Who is in charge of your organization's Web site? Who puts together the pages where attendees find out about your meeting, register for it, select sessions to attend, link to hotels and airlines, etc.? At last year's CEMA Summit, many marketing communications executives said these responsibilities would migrate out of MIS or IT and into their departments. Doubtless, one or two readers out there with event and meeting responsibilities are trying to duck the issue because they don't know beans about the way Web sites work. Fortunately, a new book will relieve them of their ignorance without making their eyes glaze over with page after page of HTML instruction. It's called Poor Richard's Web Site, by Peter Kent (2nd edition, Top Floor Publishing, Lakewood, Colo., $29.95), and it belongs on every Web-illiterate planner's bookshelf.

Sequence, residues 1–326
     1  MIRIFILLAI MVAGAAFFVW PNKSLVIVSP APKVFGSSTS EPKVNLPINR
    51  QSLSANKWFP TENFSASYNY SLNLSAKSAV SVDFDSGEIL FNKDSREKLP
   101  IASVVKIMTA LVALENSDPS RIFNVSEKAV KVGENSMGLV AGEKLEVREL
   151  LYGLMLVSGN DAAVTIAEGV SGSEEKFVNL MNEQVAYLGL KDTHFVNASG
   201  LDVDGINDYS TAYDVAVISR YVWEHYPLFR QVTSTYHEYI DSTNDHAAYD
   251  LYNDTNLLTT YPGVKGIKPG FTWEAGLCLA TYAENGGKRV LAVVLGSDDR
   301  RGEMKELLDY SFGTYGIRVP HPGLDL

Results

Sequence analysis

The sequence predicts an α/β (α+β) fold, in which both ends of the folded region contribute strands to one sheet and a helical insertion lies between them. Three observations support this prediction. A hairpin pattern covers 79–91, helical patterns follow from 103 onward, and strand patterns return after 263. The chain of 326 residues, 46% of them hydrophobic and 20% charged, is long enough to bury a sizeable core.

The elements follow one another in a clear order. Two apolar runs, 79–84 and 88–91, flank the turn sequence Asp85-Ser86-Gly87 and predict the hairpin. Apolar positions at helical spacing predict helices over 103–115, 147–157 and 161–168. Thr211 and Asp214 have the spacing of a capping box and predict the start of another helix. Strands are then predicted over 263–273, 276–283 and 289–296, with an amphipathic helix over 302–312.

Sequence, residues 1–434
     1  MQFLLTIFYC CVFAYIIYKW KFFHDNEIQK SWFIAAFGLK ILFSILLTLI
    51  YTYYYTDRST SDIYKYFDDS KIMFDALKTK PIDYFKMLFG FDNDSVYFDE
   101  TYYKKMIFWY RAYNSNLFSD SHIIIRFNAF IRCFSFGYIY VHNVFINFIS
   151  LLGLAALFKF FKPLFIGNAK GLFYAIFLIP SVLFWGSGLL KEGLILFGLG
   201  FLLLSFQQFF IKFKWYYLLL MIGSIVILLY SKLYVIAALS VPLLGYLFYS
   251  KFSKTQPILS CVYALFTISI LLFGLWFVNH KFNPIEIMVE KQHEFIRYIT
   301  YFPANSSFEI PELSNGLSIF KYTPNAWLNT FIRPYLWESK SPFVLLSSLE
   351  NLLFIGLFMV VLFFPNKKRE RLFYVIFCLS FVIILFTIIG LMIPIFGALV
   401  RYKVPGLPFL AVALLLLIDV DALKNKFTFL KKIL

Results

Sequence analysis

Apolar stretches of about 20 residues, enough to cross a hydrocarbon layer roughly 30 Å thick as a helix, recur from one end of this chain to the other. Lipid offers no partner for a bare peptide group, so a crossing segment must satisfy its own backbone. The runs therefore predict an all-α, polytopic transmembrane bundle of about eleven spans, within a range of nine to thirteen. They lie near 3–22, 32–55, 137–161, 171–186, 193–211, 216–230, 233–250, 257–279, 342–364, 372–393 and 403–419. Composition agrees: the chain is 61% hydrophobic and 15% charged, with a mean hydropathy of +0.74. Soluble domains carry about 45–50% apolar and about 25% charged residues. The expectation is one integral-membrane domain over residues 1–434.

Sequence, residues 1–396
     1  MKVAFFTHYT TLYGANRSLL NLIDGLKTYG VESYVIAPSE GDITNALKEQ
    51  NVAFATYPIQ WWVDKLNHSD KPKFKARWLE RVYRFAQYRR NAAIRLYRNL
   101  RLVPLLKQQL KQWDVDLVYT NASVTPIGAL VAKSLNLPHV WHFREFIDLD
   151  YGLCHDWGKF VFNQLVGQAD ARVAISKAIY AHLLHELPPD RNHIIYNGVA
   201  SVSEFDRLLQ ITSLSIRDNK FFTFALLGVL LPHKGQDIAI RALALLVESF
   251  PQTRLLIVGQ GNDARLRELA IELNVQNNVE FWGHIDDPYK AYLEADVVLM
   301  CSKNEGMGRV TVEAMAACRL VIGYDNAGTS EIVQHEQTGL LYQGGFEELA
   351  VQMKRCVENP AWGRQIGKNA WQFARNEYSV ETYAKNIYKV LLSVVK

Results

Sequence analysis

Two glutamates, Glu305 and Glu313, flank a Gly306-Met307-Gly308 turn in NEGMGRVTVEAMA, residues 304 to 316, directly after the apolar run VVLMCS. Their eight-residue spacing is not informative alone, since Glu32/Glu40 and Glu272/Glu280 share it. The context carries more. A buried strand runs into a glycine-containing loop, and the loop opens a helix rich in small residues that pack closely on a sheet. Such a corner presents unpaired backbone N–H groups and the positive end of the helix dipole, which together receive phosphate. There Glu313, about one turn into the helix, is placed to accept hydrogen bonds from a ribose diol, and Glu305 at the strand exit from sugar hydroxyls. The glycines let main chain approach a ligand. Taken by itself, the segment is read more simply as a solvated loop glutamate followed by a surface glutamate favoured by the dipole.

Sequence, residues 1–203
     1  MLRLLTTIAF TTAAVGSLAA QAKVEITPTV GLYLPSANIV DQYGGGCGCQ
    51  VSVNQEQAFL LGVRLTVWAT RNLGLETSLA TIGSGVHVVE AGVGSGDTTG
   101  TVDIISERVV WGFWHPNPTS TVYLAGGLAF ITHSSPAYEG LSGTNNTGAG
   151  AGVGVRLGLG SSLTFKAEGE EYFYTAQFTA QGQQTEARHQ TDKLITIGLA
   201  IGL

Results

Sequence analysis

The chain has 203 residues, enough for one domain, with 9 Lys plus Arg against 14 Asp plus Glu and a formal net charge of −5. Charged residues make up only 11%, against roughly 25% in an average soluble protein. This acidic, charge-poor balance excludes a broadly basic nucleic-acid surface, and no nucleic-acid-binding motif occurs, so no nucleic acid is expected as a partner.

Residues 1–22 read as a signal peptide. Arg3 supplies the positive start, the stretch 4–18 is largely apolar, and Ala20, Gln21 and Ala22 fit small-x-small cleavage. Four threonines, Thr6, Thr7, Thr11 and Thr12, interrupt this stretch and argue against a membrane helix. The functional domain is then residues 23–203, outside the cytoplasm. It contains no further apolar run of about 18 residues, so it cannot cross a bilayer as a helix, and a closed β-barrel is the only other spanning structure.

Kent, whose previous work includes the best-selling Complete Idiot's Guide to the Internet, has set out to create a plain-English guide to creating a functioning Web site for people who don't know anything about how to go about it. In the process, he has created a valuable 448-page manual that will help event and meetings managers avoid being flim-flammed by people who would otherwise sell them the digital equivalent of the Brooklyn Bridge.

For example, Kent discusses the eight options for placement of a Web site and describes how to choose the best one. He also shows how to go about choosing a Web-hosting service, and in the process shows the rather dramatic spread in prices charged. He shows how to conduct credit-card transactions over the Web without spending oodles of cash on specialized card processing services. He also takes the reader step-by-step through the options for registering a domain name (more nontrivial savings here), getting search engines to pick up your site, and helpful hints about figuring out how a visitor got to your site in the first place.

The best thing about this book is not that it will teach you how to build your own, functioning Web site--although it will do that--but that it will give you the wherewithal to ask intelligent questions and even argue with the folks who run the Web site in your company. For more, visit http://PoorRichard.com